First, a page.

Picks: Best Films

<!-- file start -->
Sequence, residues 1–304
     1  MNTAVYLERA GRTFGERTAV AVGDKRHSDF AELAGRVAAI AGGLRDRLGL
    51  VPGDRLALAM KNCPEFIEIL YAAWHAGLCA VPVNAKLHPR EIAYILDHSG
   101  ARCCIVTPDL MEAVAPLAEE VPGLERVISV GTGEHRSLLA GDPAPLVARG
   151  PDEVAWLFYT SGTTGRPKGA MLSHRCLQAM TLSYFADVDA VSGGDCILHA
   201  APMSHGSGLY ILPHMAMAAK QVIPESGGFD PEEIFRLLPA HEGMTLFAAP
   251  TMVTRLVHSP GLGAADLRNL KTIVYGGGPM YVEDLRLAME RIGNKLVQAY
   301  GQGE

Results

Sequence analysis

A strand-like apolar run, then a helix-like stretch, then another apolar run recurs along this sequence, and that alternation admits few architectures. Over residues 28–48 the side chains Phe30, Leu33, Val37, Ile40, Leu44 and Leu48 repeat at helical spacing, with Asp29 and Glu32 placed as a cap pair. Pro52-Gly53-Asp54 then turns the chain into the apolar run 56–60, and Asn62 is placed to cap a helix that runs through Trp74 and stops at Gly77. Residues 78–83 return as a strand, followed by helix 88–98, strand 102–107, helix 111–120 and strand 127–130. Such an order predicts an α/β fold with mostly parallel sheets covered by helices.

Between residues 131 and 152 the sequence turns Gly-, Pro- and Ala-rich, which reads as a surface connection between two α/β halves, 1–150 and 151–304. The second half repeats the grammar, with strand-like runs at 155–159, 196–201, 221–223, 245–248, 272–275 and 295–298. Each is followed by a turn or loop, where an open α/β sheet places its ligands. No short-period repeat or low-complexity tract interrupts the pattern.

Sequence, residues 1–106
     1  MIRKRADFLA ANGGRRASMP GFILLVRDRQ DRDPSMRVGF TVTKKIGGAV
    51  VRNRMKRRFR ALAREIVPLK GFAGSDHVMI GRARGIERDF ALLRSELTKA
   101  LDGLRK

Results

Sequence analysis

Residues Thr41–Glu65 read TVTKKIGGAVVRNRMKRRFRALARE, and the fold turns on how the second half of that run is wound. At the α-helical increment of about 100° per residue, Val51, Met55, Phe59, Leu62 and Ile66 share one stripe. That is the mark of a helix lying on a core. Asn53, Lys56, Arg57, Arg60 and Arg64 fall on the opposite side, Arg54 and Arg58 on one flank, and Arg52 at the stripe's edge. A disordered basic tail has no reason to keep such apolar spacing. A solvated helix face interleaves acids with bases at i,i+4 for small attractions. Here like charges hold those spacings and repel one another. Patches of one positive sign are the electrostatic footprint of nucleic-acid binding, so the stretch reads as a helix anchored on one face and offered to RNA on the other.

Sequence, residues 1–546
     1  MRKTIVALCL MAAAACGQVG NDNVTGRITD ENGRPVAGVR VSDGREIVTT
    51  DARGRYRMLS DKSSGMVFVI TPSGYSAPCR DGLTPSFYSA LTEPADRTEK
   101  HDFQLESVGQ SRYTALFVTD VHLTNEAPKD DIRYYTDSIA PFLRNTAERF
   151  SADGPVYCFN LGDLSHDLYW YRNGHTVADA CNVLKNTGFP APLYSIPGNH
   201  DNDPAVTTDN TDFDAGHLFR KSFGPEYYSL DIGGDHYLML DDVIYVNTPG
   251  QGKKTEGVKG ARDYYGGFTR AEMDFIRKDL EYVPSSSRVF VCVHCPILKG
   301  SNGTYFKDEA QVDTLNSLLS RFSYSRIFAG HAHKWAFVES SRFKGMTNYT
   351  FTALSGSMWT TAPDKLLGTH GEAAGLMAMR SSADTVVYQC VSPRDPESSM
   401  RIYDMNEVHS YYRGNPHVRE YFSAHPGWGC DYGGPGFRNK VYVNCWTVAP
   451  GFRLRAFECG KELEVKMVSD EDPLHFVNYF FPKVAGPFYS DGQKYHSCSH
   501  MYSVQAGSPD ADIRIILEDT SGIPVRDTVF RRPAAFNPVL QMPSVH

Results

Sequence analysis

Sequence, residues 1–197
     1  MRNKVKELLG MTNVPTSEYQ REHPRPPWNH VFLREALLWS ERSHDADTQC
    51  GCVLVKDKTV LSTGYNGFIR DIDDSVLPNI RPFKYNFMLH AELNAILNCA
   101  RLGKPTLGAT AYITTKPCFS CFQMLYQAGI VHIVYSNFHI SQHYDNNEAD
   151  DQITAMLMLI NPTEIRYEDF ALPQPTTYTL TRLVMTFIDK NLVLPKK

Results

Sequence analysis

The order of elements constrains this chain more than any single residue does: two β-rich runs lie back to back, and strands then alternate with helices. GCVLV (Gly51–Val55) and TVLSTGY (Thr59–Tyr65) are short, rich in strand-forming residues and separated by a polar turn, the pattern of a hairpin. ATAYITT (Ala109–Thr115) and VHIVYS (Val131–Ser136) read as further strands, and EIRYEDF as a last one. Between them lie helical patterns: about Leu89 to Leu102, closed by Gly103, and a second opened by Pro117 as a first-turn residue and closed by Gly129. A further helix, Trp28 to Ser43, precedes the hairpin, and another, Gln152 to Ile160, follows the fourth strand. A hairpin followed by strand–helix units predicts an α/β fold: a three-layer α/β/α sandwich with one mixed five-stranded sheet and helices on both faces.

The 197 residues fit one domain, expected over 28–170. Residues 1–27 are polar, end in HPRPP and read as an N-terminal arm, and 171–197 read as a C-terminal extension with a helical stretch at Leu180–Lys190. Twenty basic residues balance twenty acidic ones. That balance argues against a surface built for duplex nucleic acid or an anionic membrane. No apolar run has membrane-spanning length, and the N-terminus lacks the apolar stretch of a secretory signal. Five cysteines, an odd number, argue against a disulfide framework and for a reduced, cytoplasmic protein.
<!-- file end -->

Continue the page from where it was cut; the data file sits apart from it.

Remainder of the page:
Rachel Getting Married. Dir. Jonathan Demme. I saw this film before I saw the French film, I’ve Loved You So Long—but in many respects, they are the same film. An estranged sister returns home—one because of her alcoholism (in this film), and the other because of what in legal terms is an error in her judgment (in the French film). The impact of both films is based upon the way the way the dynamics of the family are changed by the insertion of what was the “missing sister.” Both films are powerful portrayals of the sustaining nature of familial love. And yet both films illustrate the difficulties of accepting the “returning member of the family,” despite her best efforts to become reintegrated into the family routine. Of course, in the case of Rachel Getting Married, the insertion of the sister is fraught with the attendant tensions of a high-pressure situation—her sister’s marriage. Now in the case of this film, film technique is something one must adapt to and/or cope with, depending upon your familiarity with the documentary style known as cinema verité or direct cinema: where the use of handheld cameras is meant to simulate the on-the-fly coverage of a cameraman and his sound man—both of whom are trying to capture life unfiltered, unrehearsed, and thus not manipulated. The direct cinema style of documentary was often tied to specific dramatic events, such as sporting contests; but other events have that necessary compression of anxiety, tension, and high expectations: such as a holiday dinner, a bar mitzvah, or a wedding. So in the case of this film it is Kym that arrives a day or two before the wedding, and in a few moments the black-hole of the wedding preparations sucks all of the people away from her and she is ALONE—and more than desperate. In a film like this, technique is a way to realize the atmosphere of the family dynamics. Everything in the lives of these people is HIGH DRAMA. These people are successful in business and management and the arts. They are literati. They all have impeccable Eastern-seaboard breeding, and they all have private-school educations from K-12 through the university levels. They are rich, they are successful, and they are all high-energy folks. The screenwriter, first-timer Jenny Lumet, knows these people and realizes their lifestyle in the screenplay. I was awed by her ability to particularize the characters and to illustrate in numerous ways the level of high drama that drives them in every way. When I say high drama, I mean it. One of the funniest and saddest scenes of all is the one where Kym’s father competes with a wedding guest to see who can load the dishwasher with more skill and speed. The entire scene is fraught with operatic adventure and self-inflated importance. Nothing these people do is uninteresting—to them! Their stories are all fascinating—or at least, they think so—or perhaps their egos have been stroked so often over the years that they cannot expect anything less of themselves. At the same time, understand that these are intelligent and perceptive and articulate and sensitive people—for the most part. They are talented, amazingly talented. They have CONTROL over their lives (they think). They are music makers, and most of the film is overflowing with music of all kinds. One of the running gags in the film is a small band, hired by the family, that never seems to stop playing In one scene, Kym screams at them to “shut up!” Another sub-theme is that food is everywhere in every scene. Abundance is the theme here, just as creativity is a theme. So: after greeting her sister Rachel, both sisters revert, temporarily, to teenaged behaviors. But Kym is distracted, because she is required to submit a mandatory drug test and to attend an Al-Anon meeting. And her father won’t let her drive the car, and you have to ask, “What’s the big deal?” She’s an adult. Why can’t she drive? Why does her father treat her as if she were a piece of fragile china? Kym completes her errands, and she is shocked to see the Best Man at the Al-Anon meeting, and he speaks eloquently about his sobriety. Back at the Long Island estate, the two make mad passionate sex, and that action made so much sense in the context of what we had already seen from Kym. She was alone. She was desperate. She was on the edge of oblivion. And she despises Rachel’s Maid of Honor and wants to replace that woman in that important wedding role. So: why isn’t Kim Rachel’s Maid of Honor? What is it that the family is tip-toeing around when it comes to Kym? And talk about high drama! At the first dinner, suddenly Rachel and Kym’s mother makes a grand entrance! We have learned by now that Rachel and Kym’s father is divorced, and he has remarried a wonderful woman. But this first wife! Why does she deserve such an entrance? She sucks all of the oxygen out of the room when she walks in. Then I realized: this is Debra Winger! Where has Debra Winger been the last 15 years? In 1993 she played Joy Grisham in Shadowlands. And then she disappeared. And here she is, and she is a towering character, a fearful character to everyone around her. She is Mother! She is a Force! Stand aside! Then everyone begins toasting the future bride and groom, and these toasts are as innately competitive as everything else in these people’s lives. Then the realization: everything in their lives is competitive. That’s how they became so creative and successful. They competed and they won, time and again. So now they imbue everything with that innate sense of competition in order to maintain their position in life, their calling, and their profundity. As I watched this scene, I also saw the mother as nervous, anxious, and ill-suited for her role. What was her problem? And Kym has one of the last toasts, and then another realization: I have spent the first 30-40 minutes of the film feeling alienated from Kym because everyone has been telling me, “It’s all about Kym!” And suddenly I am feeling that I have been hoodwinked by these brilliant people. They don’t want Kym here because it makes them uncomfortable, and yet they don’t know how to deal with that anxiety. Suddenly another revelation: In the next scene Rachel announces that she is happily pregnant, and Kym’s response is, “That’s not fair!” Wait a minute! But her parents (the original Mother, by the way, has long made her exit from the estate) are delighted, and then there is the reference to one of the missing singers, Ethan, and you ask, “Who’s Ethan? What’s going on here? Will somebody tell me what’s really going on here?” Later, we see Kym at another Al-Anon meeting, and she tells her story articulately and yet painfully: when she was 16, she was high on drugs, and she drove the family car off a bridge, and her younger brother, Ethan, also in the car with her, drowned. Now we have a story to sink our teeth into. Back to the full house of wedding guests. Every last one of them is self-absorbed—and yet creative and interesting and memorable and frustrating. And in one scene, when Ethan’s memory is raised, by accident, that memory stops everyone in his or her tracks. Talk about dysfunction. I began viewing the film watching one woman’s dysfunction, and now I am watching an entire family of dysfunction. Where did it all begin? Where will it end? Slowly the family dynamics begins to unravel with Rachel arguing with Kym, and then Kym disappears and drives to see her mother, the first wife of her father. That scene was a turning point for me because it gave me the information I needed to understand what had happened to Kym in the first place. She faced horrible ordeals in her childhood and adolescence. Here she was, raised in the temple of affluence and creativity and education and self-importance—and yet she was perfectly vulnerable to forces that were beyond her control. This film began to remind me of Ordinary People because of the revelation of the secret lives people lead—especially the lives of people that on the surface appear to have everything. That meeting with her mother was perfectly realized, and it told me that Kym was going to be okay. She was going to be a survivor. Almost as an afterthought, or at least a calmer time, we have the wedding and the vows and the utter creativity and affluence of it all. Then it’s time to party, and bring out more food, and keep the music coming, and the half-naked Caribbean singer, and then the rock singer, and I have to wonder how many hundreds of thousands of dollars was spent on this wedding! It was all too much! But that’s the point. Then it’s time to say good-bye, and the Mother, the Mother, has to leave early because she cannot stand being called upon to show affection or commitment! There is a big hug scene, but all I could see was that there was NO LOVE HERE. At this moment in the film Kym and Rachel were at the same level—and yet the film does not end there. There is the next morning, the musicians that won’t shut up, the bride and groom affectionate and another hug—a real hug this time—and then it’s time to go.